Conclusions: DKT provides an opportunity to successfully use postmortal kidneys even from donors aged >80 years and a Kidney Donor Profile Index ≥95% for renal transplantation. DKT may thereby increase the available pool of donors to better serve patients with end-stage renal disease on the waiting list.
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http://dx.doi.org/10.1016/j.transproceed.2021.07.016DOI Listing
August 2021

[German Society of Rheumatology Recommendations for the management of glucocorticoid-induced Osteoporosis. German version].

Z Rheumatol 2021 Sep 6;80(7):670-687. Epub 2021 Aug 6.

Rheumatologisches Praxiszentrum München, München, Deutschland.

Background: Glucocorticoids are of substantial therapeutic importance in the treatment of inflammatory diseases, but are also associated with bone mineral density loss, osteoporosis, and fractures, especially with long-term use.

Objective: To develop recommendations for the management of glucocorticoid-induced osteoporosis (GIOP) in adult patients on long-term glucocorticoid (GC) treatment.

Methods: A systematic literature search (SLR) was conducted to synthesize the evidence for GIOP prevention and treatment options. Recommendations were developed based on SLR/level of evidence and by previously defined questions and in a structured group consensus process.

Results: Recommendations include supplementation with calcium and vitamin D under long-term GC therapy in adults. If specific osteologic treatment is indicated, we recommend bisphosphonates or denosumab as first-line treatment. If fracture risk is high, we recommend teriparatide as primary specific osteologic treatment. Denosumab should be used in cases of severe renal insufficiency, and specific osteologic treatment should not be given in pregnancy. For patients who have not reached the treatment goal, a switch to another class of specific osteologic drugs should be performed. We recommend re-evaluation after a treatment duration of 3-5 years or after termination of long-term GC treatment.

Conclusion: This work aims to provide evidence-based and consensus-based recommendations for the best possible management of GIOP in Germany and to support treatment decisions.
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http://dx.doi.org/10.1007/s00393-021-01028-wDOI Listing
September 2021

Updated recommendations of the German Society for Rheumatology for the care of patients with inflammatory rheumatic diseases in times of SARS-CoV-2-methodology, key messages and justifying information.

Rheumatology (Oxford) 2021 05;60(5):2128-2133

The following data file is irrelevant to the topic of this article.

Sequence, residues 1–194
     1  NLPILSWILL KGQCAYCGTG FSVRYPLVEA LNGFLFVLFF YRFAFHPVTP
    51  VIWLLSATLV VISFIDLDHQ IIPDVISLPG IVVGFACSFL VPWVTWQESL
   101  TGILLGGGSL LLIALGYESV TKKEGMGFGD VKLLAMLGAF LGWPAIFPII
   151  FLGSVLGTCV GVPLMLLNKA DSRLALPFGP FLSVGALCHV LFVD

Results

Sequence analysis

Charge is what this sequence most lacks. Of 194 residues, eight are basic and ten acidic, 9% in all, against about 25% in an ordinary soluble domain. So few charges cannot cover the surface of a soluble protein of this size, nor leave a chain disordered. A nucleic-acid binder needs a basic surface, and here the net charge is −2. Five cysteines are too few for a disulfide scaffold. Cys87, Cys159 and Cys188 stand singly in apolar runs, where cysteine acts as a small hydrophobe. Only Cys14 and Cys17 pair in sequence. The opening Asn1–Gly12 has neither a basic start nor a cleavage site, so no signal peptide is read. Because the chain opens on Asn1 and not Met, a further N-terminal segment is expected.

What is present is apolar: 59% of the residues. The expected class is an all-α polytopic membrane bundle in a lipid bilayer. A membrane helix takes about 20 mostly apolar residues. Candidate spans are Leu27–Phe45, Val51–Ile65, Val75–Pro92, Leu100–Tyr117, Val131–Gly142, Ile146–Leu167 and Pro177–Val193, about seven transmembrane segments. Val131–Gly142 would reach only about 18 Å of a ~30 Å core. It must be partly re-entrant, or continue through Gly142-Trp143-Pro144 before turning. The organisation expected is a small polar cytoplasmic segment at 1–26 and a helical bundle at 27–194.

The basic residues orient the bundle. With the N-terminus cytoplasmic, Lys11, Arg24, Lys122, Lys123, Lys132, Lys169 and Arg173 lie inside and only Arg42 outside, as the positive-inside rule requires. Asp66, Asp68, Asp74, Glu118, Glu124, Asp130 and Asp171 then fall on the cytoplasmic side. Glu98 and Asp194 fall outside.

Clinic for Rheumatology and Clinical Immunology, Kliniken Essen-Mitte, Essen, Germany.

A few days after the severe acute respiratory syndrome coronavirus 2 (SARS-CoV-2) infection was declared a pandemic, the German Society for Rheumatology (DGRh) compiled the first group of recommendations for the care of patients with inflammatory rheumatic diseases in light of SARS-CoV-2/coronavirus disease 2019 (COVID-19). These first recommendations were based on an expert consensus and were largely non-evidence-based. Now that the first scientific data from registries, cross-sectional studies, case reports and case series are available, the DGRh has developed a timely update. This update is based on a literature search of publications available through 15 June 2020 and addresses preventive measures (such as hygiene measures or vaccinations) and the use of immunomodulatory/immunosuppressive drugs. Driven by the commitment to let patients benefit from these new evidence-based recommendations as quickly as possible, the DGRh published the update in German on its homepage and in the Zeitschrift für Rheumatologie immediately after completion. Here we report the key recommendations to make them available to the international community, provide the scientific methodology used to develop the recommendations, give additional thoughts and advice for the management of patients with rheumatic diseases during the COVID-19 pandemic and discuss our recommendations in the context of other international recommendations.
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http://dx.doi.org/10.1093/rheumatology/keab072DOI Listing
http://www.ncbi.nlm.nih.gov/pmc/articles/PMC7928544PMC
May 2021

Immune Status and Mortality in Smokers, Ex-smokers, and Never-Smokers: The Ludwigshafen Risk and Cardiovascular Health Study.

Nicotine Tob Res 2021 06;23(7):1191-1198

Vth Department of Medicine (Nephrology, Hypertensiology, Rheumatology, Endocrinology, Diabetology), Medical Faculty Mannheim, University of Heidelberg, Mannheim, Germany.

Introduction: Elevated leukocyte counts are associated with cardiovascular disease. Smoking induces inflammation and alters levels of leukocyte subtypes.